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New Developments in Productivity Analysis

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  • Hulten, Charles R.
  • Dean, Edwin R.
  • Harper, Michael

Abstract

The productivity slowdown of the 1970s and 1980s and the resumption of productivity growth in the 1990s have provoked controversy among policymakers and researchers. Economists have been forced to reexamine fundamental questions of measurement technique. Some researchers argue that econometric approaches to productivity measurement usefully address shortcomings of the dominant index number techniques while others maintain that current productivity statistics underreport damage to the environment. In this book, the contributors propose innovative approaches to these issues. The result is a state-of-the-art exposition of contemporary productivity analysis. Charles R. Hulten is professor of economics at the University of Maryland. He has been a senior research associate at the Urban Institute and is chair of the Conference on Research in Income and Wealth of the National Bureau of Economic Research. Michael Harper is chief of the Division of Productivity Research at the Bureau of Labor Statistics. Edwin R. Dean, formerly associate commissioner for Productivity and Technology at the Bureau of Labor Statistics, is adjunct professor of economics at The George Washington University.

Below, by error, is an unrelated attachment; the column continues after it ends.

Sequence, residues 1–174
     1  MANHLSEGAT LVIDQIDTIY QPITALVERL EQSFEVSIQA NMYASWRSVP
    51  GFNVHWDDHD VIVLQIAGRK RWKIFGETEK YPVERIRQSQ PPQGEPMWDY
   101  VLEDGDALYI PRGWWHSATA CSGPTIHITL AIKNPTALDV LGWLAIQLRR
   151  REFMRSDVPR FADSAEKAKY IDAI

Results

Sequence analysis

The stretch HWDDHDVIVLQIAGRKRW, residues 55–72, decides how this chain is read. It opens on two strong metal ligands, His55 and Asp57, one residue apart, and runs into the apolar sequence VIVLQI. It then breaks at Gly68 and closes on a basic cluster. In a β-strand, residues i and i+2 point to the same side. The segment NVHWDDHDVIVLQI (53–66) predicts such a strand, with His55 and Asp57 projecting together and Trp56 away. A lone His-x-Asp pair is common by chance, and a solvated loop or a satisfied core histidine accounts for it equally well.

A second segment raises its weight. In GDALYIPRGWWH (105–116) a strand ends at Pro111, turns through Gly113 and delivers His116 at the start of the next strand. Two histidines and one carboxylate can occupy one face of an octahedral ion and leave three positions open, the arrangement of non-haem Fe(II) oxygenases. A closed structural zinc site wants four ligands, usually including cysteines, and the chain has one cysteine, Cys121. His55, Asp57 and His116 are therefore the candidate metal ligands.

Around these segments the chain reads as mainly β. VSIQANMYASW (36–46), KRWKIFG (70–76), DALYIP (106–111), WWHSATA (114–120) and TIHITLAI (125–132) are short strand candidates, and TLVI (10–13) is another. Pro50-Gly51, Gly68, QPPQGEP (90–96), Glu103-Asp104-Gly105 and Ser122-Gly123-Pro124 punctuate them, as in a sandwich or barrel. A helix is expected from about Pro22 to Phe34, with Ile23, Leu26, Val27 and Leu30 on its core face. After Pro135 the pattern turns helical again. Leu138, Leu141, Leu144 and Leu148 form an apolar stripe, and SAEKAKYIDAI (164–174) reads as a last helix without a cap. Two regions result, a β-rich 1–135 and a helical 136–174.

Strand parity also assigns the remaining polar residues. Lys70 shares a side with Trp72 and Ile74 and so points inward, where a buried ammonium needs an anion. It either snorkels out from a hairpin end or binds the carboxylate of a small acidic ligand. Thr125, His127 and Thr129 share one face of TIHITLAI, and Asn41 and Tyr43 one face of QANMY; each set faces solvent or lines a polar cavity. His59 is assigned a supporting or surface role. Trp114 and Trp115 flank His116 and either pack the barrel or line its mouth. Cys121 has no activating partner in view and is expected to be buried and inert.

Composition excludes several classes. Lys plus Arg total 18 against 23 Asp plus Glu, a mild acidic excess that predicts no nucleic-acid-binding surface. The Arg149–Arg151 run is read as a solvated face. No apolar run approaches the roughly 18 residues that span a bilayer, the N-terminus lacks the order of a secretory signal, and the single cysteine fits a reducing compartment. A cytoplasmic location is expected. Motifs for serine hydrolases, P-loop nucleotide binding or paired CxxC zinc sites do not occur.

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Bibliographic Info

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This book is provided by University of Chicago Press in its series National Bureau of Economic Research Books with number 9780226360621 and published in 2001.

Edition: 1
ISBN: 9780226360621
Order: http://press.uchicago.edu/ucp/books/book/isbn/9780226360621.html
Handle: RePEc:ucp:bknber:9780226360621

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Web page: http://press.uchicago.edu

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Cited by:
  1. John Haltiwanger, 2012. "Job Creation and Firm Dynamics in the United States," NBER Chapters, in: Innovation Policy and the Economy, Volume 12, pages 17-38 National Bureau of Economic Research, Inc.
  2. John Fernald & Shanthi Ramnath, 2004. "The acceleration in U.S. total productivity after 1995: the role of information technology," Economic Perspectives, Federal Reserve Bank of Chicago, issue Q I, pages 52-67.

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